Kimberley - Workers at a Northern Cape company, Icesebise, have been told to use a tree as a canteen and to change in the open.
The Department of Labour has taken up the case, GroundUp reported.
"Icesebise management have designated a spot under a tree on dirty ground as the food canteen and changing room," said SA Commercial, Catering and Allied Workers Union (Saccawu) Northern Cape organiser Jerry Mmoneri.
"It's unthinkable that grown-ups are forced to change clothes under a tree."
Icesebise is a foodstuff wholesaler and employs about 20 workers.
Mmoneri said he had visited the company in December 2016 with officials from the Department of Labour in the Northern Cape.
The department had issued the company with a compliance order to stop putting lockers under a tree, and provide changing rooms and a canteen for workers.
'Workers chose spot'
Managers had allowed only brief access to the premises.
The Department of Labour in Kuruman confirmed that the company had been issued a compliance notice and said inspectors would visit Icesebise again this month to see if the company had complied.
An Icesebise spokesperson who identified himself only as "John" denied that workers had been forced to use an open air tree as a canteen. He said workers had chosen to relax at the spot on their own.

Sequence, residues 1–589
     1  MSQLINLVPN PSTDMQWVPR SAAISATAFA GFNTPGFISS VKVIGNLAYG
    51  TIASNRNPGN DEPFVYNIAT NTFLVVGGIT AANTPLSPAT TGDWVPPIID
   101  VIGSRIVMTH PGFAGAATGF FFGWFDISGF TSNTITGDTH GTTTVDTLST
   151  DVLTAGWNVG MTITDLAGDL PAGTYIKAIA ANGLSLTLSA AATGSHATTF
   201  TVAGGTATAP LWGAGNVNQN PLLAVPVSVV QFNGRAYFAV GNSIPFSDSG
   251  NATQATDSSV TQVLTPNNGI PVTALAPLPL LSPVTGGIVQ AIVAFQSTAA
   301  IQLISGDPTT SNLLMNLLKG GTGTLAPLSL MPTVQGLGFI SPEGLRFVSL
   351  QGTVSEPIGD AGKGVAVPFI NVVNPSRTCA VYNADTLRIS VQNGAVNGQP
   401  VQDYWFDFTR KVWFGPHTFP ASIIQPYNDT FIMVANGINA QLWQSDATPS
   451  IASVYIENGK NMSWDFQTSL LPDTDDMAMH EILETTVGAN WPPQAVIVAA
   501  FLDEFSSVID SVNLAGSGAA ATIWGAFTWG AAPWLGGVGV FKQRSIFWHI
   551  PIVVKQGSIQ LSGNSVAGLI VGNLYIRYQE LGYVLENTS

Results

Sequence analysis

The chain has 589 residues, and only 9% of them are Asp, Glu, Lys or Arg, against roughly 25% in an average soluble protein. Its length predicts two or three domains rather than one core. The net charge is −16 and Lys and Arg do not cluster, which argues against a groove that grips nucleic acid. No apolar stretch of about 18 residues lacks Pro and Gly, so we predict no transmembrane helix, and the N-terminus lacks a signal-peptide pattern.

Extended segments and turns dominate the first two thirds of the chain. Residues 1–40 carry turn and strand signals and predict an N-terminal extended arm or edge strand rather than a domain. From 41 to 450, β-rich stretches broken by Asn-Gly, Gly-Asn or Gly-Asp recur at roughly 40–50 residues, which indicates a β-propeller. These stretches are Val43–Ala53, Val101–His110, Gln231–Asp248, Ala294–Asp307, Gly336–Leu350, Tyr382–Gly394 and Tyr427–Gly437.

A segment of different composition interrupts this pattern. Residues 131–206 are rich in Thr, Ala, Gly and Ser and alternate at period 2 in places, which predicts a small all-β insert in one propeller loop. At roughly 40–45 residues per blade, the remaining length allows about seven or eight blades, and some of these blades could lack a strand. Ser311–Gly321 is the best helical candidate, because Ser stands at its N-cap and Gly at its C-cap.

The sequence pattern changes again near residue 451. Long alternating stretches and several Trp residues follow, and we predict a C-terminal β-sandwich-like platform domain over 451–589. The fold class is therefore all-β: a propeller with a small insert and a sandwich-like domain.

He said the lockers were "tool storage rooms" but workers said they were "changing rooms".
"Our workers are well cared for," he said.
However a photo taken on December 1 shows a clear sign saying "designated lunch here" pinned to a tree on dusty ground as well as lockers dumped under a tree.
A 34-year-old cleaner at the company, who did not want to be named, said last September workers had asked for a place to eat the food they brought from home.
"We were angrily told to use the tree spot because the company is on a cost-cutting exercise. Next thing we saw a sign and metal tins put up a week later, designating the tree as the official canteen and change room.
"How can we change clothes and expose our bodies under a tree in 2017? Managers have a clean room to eat free lunches, why not us?"
Cosatu deputy general secretary Solly Phetoe said he had also visited the company.
"These are black African workers and management of the company is white, and managers have got nice facilities," he said.
'Who sent you?'
"John" angrily dismissed the allegations.
"Who sent you to investigate this? These are lies created by business rivals to steal our clients. We didn't erect that tree canteen sign," he said before terminating the call.
A Saccawu spokesperson said that as of February 2 the "compliance order conditions have not been respected".
On the same day GroundUp walked past the company premises.
The "tree canteen" sign has been taken down, but workers still eat food from their lunchboxes under the tree. The outside change room lockers are still in place, he says.
The Department of Labour committed to returning next week to assess if the compliance order has been respected.